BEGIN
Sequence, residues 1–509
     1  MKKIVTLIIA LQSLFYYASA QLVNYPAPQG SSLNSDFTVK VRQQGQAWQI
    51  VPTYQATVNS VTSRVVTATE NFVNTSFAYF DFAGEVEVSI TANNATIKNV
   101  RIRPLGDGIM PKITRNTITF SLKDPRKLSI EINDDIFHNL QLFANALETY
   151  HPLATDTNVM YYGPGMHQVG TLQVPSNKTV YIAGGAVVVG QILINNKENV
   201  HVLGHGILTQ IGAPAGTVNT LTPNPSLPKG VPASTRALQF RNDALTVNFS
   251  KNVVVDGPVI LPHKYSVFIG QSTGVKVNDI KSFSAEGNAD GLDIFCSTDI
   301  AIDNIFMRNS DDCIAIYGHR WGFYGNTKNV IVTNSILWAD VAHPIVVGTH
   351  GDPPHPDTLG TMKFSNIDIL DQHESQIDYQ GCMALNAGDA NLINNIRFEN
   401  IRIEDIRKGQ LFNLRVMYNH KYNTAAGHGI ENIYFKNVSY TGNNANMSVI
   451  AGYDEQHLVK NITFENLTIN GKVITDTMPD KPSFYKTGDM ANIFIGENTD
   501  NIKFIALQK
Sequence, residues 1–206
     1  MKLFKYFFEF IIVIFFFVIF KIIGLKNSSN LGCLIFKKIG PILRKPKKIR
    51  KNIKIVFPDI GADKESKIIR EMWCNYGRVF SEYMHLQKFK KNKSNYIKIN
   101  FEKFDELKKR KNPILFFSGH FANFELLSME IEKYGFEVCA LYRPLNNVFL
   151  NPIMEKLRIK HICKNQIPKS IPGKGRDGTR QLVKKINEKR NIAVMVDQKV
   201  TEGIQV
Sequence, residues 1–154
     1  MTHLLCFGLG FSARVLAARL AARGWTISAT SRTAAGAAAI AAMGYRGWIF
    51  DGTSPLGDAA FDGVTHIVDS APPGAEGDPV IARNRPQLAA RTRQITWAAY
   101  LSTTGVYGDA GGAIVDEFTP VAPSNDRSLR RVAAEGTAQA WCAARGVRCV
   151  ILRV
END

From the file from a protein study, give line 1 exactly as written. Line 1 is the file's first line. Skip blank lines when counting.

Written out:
Sequence, residues 1–509